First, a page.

View Full Version : HBO Documentary - "Dealing Dogs"
12th January 2007, 09:26 PM
Has anyone seen this? I didn't see it in it's entirety. I came upon it after it had begun. It was an undercover expose on the world of dog dealers. It was incredibly upsetting to watch. One scene was at a "Dog Flea Market" an open parking lot type place where people were selling dogs from 15 to 20 dollars. These dogs eventually end up in cages, where they are held for weeks before being sold for medical research. There were other videos of the treatment the dogs were receiving, they were repeatedly choked and punched in the head. I had to keep changing the channel because the violence was too horrible to watch.
There were several different people who worked undercover getting footage with hidden cameras. One young man, in his 20s had infiltrated a group that had dogs by the hundreds in cages. He got pretty friendly with the ring-leader who turned out to be a minister and invited him to his church.
It was horrible how these dogs were being treated. One woman admitted that many of the dogs are stolen from peoples yards. She said "we like to go to the good neighborhoods." Other dogs were strays, and some presumably came from puppy mills.
12th January 2007, 11:25 PM
:( :( :( :( Thats horrid. Why are people like that? Wheres their compassion and sense of morals? Arent these people taught that animals are living beings that deserve as much respect as us humans. Strike that, they probably dont have any respect for anyone or anything if they treat dogs in that way.
13th January 2007, 01:46 AM
Oh that is awful!!! I don't know that I could watch it. We can't watch cops on Animal Planet....just so distressing.
13th January 2007, 11:40 AM
Actually, Im glad I didn't see that because I'd get too wound up.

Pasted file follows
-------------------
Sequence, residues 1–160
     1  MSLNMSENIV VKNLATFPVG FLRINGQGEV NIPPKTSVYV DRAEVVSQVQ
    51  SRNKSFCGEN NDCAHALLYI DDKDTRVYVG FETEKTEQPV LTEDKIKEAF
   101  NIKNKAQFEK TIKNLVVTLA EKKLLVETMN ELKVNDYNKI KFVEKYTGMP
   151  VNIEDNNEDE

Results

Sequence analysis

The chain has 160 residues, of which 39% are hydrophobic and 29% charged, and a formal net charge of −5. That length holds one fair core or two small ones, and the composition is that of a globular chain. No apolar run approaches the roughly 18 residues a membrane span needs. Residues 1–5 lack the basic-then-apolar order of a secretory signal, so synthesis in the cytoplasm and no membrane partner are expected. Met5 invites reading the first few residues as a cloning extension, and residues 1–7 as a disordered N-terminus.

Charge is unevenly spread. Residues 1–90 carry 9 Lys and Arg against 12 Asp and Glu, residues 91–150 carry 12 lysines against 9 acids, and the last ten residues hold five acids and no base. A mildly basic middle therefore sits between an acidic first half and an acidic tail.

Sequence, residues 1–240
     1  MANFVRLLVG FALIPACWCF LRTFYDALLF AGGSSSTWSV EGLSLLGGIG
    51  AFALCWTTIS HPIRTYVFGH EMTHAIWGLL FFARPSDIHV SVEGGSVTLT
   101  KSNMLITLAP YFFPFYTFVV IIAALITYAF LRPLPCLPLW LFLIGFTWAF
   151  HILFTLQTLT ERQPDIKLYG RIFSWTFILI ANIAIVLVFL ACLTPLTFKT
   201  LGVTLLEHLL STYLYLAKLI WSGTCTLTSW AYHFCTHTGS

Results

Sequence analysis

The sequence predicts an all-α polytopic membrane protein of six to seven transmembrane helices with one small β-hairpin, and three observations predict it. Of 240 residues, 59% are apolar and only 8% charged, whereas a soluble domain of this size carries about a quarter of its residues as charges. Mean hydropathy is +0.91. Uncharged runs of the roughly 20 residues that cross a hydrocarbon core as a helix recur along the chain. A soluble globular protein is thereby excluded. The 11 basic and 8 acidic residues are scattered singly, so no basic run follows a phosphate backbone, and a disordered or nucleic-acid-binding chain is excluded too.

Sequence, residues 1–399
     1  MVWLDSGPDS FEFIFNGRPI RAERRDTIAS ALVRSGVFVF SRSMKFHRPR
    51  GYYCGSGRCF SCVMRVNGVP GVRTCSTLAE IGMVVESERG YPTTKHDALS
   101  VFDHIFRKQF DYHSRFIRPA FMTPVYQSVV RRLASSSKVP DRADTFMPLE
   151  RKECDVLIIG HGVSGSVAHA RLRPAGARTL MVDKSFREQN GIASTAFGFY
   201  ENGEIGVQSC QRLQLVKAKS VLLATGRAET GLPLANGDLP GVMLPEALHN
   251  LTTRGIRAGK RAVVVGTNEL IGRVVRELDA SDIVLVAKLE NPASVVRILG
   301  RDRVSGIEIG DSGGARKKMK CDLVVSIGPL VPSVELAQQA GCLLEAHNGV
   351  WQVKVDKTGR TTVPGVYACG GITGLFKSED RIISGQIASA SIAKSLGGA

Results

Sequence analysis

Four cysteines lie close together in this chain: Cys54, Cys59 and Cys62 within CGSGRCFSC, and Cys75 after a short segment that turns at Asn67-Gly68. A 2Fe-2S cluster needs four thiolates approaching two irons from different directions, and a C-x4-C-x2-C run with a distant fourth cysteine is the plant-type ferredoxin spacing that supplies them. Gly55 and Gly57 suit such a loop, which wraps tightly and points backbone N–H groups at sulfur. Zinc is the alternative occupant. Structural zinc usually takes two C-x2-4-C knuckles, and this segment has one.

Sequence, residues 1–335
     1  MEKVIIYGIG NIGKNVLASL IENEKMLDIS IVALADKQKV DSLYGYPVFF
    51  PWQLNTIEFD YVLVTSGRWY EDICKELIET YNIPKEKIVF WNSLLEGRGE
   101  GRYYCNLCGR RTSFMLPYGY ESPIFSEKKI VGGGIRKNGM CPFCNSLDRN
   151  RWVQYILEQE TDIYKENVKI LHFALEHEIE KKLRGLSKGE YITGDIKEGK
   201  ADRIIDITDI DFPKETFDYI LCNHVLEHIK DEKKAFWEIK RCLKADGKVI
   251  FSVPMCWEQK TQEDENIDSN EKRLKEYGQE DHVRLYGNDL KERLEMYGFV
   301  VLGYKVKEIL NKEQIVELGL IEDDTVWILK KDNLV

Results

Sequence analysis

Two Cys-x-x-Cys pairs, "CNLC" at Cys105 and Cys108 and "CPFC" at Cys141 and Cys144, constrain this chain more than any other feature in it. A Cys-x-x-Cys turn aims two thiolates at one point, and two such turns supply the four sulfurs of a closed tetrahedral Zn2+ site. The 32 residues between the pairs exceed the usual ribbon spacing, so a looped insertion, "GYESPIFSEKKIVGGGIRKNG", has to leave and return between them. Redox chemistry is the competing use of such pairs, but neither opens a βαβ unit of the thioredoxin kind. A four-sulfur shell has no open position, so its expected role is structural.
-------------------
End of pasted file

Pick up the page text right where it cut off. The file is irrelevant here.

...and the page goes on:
Unfortunately, there are people in this world who will do anything in their quest for the almighty dollar. All we can do is keep those type of people in the spotlight. And when you meet someone who wants to deal with the mills/BYB's, educate, educate, educate.
14th January 2007, 01:36 AM
I should not of even read this thread as it is so upsetting. I could never watch a program like this.
What I do not understand is how someone can make a program like this stand there with a camera and not kill these people at the time they are doing these terrible acts. I could not stand watching someone be physical with an animal and not step in let alone keep running film.?
Do they make these shows to catch these people ? Do they eventually get arrested or something or is it just something else to put on TV ???
:swear: :x :( :cry*ing:
14th January 2007, 07:02 AM
When was this on? I'd like to see it, but the HBO website lists it as 'not currently showing'. ??
14th January 2007, 01:43 PM
The movie was not made to be entertainment. It was made with great risk by individuals undercover to expose, the thriving business of dealing in dogs. They are sold to research laboratories. I agree, I do not know how they were able to hold still while animals were being, punched, choked and abused but if you saw the unsavory characters, it was like the cast of deliverance with guns, and knives. In that particular scene they were in a holding place where there were row upon row of dogs in cages. There was no film crew, there was one young man, of about 22 I'd guess with a hidden camera on his clothing.
Even more disturbing is the animal testing industry that funds this abuse.
14th January 2007, 03:33 PM
I'm like Bruce, I just get angry :x I really do not know why, in this day and age they need to test on animals. There are always human beings who will volunteer - they could start off by using rapists, murderers & paedophiles for a start.....
14th January 2007, 05:46 PM
Jean, I saw it early Friday morning. I just happened upon it when I was flipping through channels. I have the "On Demand" feature with HBO and I looked under Documentaries and was unable to find it listed there. Possibly it will be available "on demand" next week under documentaries.
Powered by vBulletin® Version 4.2.1 Copyright © 2016 vBulletin Solutions, Inc. All rights reserved.